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Jan. 4, 2007 

Thomas Eakinsí The Gross Clinic (1875) makes its first appearance at its new home (part-time at least) when it goes on view at the Philadelphia Museum of Art, starting at 4 pm tomorrow, Jan. 5, 2006, where it is expected to remain till early spring 2007. After that, the work moves to the Pennsylvania Academy of Fine Arts. The painting is to be rotated between the two institutions, remaining on view for a number of years at a time at each venue. The iconic work was jointly purchased by the two museums for $68 million -- the deal actually closes on Jan. 31 -- from Thomas Jefferson University after a frantic fundraising appeal. Large contributions came from the Annenberg Foundation ($10 million), H.F. "Gerry" Lenfest ($3 million), Joseph Neubauer ($3 million) and the Pew Charitable Trusts ($3 million). A total of $30 million has been raised so far from more than 2,000 contributions. To make a tax-deductible contribution to the cause, see

The adventurous Chelsea alternative space White Box has scheduled an unusual "drawing duel" between Conceptual artists William Anastasi and Lucio Pozzi for this Sunday, Jan. 7, 2007, 11 am-7 pm. Dubbed "Blind Date," the contest puts the two artists, wearing blindfolds, across from each other at a table, supplied with stacks of paper, pencils and inks. Assistants are to be on hand to remove finished drawings and post them on the wall. Anastasi has made blind drawings since 1963, including a series done on the subway, and Pozzi has also experimented with drawing with eyes closed.

The first major retrospective of Nabis painter Maurice Denis to appear in North America debuts in Montreal next month. The Montreal Museum of Fine Arts presents "Maurice Denis: Earthly Paradise," with about 100 paintings, decorative works, works on paper and never-before-exhibited photographs by the artist. The show is co-organized with the Musťe díOrsay and the Museo díArte Moderna e Contemporanea di Trento e Rovereto.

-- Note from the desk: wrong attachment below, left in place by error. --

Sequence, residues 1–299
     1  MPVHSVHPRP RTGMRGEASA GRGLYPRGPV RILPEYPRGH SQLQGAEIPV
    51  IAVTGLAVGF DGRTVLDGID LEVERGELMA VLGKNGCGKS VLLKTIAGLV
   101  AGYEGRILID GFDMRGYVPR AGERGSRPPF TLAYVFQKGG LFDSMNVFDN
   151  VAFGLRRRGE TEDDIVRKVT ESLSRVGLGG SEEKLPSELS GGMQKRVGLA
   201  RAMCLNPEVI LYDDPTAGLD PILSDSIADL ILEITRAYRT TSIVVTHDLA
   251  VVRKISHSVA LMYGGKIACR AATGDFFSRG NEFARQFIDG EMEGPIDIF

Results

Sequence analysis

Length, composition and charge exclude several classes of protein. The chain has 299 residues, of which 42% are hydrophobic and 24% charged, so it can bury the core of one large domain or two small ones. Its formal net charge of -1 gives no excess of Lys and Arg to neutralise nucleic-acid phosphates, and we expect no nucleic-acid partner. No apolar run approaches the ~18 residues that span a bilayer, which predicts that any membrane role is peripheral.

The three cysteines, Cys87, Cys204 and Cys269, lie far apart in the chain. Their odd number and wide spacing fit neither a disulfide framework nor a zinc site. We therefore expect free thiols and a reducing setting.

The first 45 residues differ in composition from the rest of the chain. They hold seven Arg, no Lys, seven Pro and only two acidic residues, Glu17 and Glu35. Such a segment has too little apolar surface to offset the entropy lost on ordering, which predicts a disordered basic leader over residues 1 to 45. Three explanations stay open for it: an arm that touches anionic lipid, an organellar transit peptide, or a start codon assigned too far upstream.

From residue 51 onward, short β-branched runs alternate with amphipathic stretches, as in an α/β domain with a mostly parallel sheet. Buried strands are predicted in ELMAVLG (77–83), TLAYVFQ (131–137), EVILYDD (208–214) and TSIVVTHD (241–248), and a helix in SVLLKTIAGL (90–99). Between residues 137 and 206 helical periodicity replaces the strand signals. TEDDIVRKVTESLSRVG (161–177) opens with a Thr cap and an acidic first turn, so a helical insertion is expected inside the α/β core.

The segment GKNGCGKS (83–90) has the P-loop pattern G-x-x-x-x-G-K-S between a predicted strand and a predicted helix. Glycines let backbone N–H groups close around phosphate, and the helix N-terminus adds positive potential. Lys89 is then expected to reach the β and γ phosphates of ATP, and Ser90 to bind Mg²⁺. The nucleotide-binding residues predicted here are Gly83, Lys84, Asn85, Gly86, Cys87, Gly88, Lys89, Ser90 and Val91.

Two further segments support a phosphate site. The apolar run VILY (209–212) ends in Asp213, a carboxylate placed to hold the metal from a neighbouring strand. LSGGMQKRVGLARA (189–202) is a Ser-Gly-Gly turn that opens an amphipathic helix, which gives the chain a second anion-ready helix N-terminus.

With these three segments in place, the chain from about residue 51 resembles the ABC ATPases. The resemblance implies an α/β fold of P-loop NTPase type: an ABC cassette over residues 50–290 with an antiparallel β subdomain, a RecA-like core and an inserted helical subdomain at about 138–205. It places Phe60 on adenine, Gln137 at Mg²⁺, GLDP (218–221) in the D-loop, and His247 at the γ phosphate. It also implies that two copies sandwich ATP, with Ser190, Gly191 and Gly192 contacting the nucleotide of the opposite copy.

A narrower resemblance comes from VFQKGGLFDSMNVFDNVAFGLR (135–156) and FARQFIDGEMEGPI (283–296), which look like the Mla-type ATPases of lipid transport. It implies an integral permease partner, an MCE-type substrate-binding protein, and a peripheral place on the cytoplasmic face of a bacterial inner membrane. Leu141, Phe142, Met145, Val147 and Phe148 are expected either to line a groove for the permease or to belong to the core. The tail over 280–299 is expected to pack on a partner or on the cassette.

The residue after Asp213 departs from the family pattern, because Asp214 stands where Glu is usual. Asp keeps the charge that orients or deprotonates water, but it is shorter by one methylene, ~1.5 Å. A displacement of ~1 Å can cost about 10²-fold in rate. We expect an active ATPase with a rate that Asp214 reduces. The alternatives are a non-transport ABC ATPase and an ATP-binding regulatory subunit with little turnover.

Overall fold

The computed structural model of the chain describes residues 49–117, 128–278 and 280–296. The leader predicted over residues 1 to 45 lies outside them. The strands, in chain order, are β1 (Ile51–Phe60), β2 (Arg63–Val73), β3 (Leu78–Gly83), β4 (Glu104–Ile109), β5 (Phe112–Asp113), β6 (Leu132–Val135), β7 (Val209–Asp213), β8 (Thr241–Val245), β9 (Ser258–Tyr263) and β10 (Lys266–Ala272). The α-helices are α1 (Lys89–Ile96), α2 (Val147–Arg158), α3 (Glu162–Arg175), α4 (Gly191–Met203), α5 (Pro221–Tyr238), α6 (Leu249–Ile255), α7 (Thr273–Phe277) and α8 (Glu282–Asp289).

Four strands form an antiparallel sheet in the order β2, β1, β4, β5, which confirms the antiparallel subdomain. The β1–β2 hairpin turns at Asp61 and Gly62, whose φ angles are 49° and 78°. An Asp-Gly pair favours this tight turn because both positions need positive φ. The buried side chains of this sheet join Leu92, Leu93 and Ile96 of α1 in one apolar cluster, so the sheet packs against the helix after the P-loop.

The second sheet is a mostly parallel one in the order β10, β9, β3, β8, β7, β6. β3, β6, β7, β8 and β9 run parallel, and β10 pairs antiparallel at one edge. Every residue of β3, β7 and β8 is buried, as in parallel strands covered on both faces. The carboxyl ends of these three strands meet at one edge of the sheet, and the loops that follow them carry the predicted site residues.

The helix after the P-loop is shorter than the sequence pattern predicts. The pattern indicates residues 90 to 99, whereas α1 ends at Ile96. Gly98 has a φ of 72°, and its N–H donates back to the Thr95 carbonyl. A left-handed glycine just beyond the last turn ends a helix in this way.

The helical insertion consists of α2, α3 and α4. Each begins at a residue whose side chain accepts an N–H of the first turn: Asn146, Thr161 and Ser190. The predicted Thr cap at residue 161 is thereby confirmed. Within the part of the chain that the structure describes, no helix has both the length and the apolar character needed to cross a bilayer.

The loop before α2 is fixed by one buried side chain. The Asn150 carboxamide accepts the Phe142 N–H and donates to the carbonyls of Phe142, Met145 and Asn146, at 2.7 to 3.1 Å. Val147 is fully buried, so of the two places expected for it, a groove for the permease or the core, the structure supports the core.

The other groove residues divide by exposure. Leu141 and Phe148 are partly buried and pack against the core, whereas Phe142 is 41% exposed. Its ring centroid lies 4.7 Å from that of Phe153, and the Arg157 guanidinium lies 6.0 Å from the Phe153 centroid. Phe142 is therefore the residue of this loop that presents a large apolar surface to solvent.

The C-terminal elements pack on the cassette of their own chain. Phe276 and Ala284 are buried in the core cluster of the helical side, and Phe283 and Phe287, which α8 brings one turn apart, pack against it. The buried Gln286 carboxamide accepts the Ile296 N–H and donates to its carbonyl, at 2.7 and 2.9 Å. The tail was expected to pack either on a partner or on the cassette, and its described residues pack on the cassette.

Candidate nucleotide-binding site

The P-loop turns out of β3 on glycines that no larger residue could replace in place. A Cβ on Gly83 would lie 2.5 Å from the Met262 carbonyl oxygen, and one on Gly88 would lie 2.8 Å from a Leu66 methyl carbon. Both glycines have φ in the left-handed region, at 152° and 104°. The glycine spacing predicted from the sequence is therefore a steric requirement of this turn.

The Rose Art Museum at Brandeis University in Waltham, Mass., is presenting a major survey of works by the Swiss pop conceptualist John Armleder (b. 1948). "John Armleder: Everything Is Not Enough," Apr. 26-July 29, 2007, is the first comprehensive exhibition of the artistís work in the U.S. The show is organized by Rose chief curator Raphaela Plato, and is accompanied by a catalogue produced in collaboration with the Kunstverein Hannover in Germany.

In the near term, the Rose opens "Paper Trail," Jan. 25-Apr. 1, 2006, the first in a series of shows in which an individual artist is combining his or her own work with works selected from the museum collection. In charge of the first installment is New York artist Margaret Evangeline, who is celebrated for painting-like works made by shooting guns at mirrored steel panels.

The Museum of Modern Art has sold the vacant lot to the west of its current facility for $125 million to Hines, a Houston-based developer, according to a report in the New York Times. Plans call for a new building that would include ca. 50,000 square feet of additional gallery space for the museum, to be linked to the existing structure on the museumís second, fourth and fifth floors. The museumís cost of the new construction is estimated at $60 million, with $65 million earmarked for MoMAís $650 million endowment. The museum acquired the lot in 1996 as part of a larger parcel -- now site of the museum expansion -- in a $50-million transaction.

, which plans to spin off its Kraft Foods division from its Philip Morris tobacco divisions later this year, is likely to cut its arts funding once its corporate breakup takes place, according to a story by Jason Edward Kaufman in the Art Newspaper. Altria has been a big supporter of the Whitney Museum, providing more than $500,000 annually for exhibitions, and also underwriting the 2006 Whitney Biennial to the tune of $500,000. Other art museums receiving six-figure grants from Altria have included El Museo del Barrio, the National Gallery of Art, the Menil Collection, the New Museum and the Museum of African Art.

The art collection of the legendary conductor Arturo Toscanini goes on view at Avery Fisher Hall in Lincoln Center, Jan. 16-Mar. 31, 2006. "Maestroís Secret Music: The Artwork Collected by Arturo Toscanini," arranged to celebrate the 50th anniversary of the New York Philharmonic conductorís death, showcases 60 works by Vittore Grubicy de Dragon, Gaetano Previati, Giovanni Fattori, Giovanni Segantini and Umberto Boccioni, as well as American artists George Inness and Alfred East. The show is organized by Renato Miracco and has the blessing of Toscanini grandson Walfredo Toscanini.

Marlborough Gallery in New York is presenting a memorial exhibition of 33 paintings and works on paper by Chen Yifei, the Shanghai-based realist painter turned film director who died last year at age 59 after suffering a gastric hemorrhage. Titled "A Tribute to Chen Yifei (1946-2005)," Jan. 9-Feb. 3, 2006, the show is accompanied by an illustrated catalogue with an essay by Nick Wadley.

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